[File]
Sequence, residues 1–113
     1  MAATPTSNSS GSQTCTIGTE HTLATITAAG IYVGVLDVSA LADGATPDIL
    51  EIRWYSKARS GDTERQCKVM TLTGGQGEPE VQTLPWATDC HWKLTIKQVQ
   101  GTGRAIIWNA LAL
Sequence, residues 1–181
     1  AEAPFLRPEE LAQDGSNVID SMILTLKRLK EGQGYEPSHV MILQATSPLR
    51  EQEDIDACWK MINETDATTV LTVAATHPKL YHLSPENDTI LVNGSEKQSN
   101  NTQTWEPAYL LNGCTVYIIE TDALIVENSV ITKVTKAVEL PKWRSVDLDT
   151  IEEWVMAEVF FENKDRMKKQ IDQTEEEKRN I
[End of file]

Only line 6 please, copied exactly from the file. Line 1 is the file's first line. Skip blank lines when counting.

     1  AEAPFLRPEE LAQDGSNVID SMILTLKRLK EGQGYEPSHV MILQATSPLR